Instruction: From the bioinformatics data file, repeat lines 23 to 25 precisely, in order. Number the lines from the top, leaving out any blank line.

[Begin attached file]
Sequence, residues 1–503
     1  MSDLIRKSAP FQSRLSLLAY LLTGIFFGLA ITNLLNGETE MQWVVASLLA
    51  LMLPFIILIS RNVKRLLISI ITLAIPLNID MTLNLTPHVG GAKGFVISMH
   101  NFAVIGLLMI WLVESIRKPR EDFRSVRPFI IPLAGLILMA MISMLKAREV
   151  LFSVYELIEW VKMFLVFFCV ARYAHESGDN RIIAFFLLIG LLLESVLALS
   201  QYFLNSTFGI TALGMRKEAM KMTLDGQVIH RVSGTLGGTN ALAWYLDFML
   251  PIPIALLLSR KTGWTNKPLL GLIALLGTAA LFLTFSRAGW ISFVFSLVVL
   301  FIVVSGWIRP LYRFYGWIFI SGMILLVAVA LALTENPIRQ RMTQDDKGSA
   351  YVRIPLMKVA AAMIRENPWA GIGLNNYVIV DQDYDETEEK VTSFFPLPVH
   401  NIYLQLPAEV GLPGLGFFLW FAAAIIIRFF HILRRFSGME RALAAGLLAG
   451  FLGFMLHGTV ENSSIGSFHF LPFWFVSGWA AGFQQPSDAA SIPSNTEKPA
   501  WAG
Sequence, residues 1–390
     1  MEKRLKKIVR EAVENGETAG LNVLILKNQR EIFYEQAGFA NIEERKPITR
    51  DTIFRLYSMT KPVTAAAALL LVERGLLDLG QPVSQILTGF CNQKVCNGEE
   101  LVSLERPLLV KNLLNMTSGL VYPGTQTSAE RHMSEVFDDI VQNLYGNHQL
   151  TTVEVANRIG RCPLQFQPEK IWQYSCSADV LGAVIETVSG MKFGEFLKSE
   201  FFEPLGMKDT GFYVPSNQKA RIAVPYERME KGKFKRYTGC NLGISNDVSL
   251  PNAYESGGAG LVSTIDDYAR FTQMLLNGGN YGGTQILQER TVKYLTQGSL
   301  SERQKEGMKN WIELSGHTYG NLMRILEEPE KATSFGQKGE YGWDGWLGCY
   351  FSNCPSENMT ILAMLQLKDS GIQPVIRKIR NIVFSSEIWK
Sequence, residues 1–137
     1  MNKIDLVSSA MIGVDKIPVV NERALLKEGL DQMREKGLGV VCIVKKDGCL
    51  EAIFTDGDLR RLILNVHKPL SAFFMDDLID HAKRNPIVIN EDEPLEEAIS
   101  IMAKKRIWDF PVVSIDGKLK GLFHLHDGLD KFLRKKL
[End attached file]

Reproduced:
     1  MNKIDLVSSA MIGVDKIPVV NERALLKEGL DQMREKGLGV VCIVKKDGCL
    51  EAIFTDGDLR RLILNVHKPL SAFFMDDLID HAKRNPIVIN EDEPLEEAIS
   101  IMAKKRIWDF PVVSIDGKLK GLFHLHDGLD KFLRKKL